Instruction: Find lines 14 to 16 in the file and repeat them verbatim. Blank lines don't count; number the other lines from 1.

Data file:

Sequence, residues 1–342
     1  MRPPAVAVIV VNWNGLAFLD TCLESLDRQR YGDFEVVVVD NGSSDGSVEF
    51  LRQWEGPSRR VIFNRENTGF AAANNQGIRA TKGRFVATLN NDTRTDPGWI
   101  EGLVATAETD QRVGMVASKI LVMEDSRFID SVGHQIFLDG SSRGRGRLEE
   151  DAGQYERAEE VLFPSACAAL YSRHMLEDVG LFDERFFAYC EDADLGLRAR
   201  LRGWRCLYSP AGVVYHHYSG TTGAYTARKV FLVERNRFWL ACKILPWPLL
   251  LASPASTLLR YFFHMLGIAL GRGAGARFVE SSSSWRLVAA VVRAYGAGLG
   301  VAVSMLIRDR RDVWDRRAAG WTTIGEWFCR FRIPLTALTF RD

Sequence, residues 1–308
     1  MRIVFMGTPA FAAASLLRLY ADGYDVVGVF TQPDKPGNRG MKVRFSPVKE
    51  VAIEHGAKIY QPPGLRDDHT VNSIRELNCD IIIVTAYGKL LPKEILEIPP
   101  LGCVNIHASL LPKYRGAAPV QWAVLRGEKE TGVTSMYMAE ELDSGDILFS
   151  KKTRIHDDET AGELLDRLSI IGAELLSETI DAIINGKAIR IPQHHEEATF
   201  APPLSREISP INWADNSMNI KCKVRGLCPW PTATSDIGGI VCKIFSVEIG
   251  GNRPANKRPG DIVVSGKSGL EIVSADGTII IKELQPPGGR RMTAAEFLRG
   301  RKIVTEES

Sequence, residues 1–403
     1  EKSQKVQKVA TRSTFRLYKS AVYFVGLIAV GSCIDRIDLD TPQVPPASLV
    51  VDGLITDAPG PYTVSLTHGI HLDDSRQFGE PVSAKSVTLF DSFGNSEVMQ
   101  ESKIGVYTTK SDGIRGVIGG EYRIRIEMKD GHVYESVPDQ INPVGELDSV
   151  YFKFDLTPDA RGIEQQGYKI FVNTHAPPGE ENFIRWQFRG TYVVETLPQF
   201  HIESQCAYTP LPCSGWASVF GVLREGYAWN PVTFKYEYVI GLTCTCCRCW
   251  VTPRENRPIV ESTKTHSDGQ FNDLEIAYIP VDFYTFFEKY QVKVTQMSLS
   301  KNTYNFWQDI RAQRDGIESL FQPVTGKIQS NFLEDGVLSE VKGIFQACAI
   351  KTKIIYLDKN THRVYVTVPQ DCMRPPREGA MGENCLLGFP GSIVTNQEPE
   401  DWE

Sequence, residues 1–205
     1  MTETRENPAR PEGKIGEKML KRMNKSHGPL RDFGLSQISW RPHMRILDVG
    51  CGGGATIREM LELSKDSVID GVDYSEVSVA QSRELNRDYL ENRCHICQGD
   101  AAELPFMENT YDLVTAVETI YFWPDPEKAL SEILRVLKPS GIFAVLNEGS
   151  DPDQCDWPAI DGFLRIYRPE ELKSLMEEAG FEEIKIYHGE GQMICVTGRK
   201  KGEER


   201  APPLSREISP INWADNSMNI KCKVRGLCPW PTATSDIGGI VCKIFSVEIG
   251  GNRPANKRPG DIVVSGKSGL EIVSADGTII IKELQPPGGR RMTAAEFLRG
   301  RKIVTEES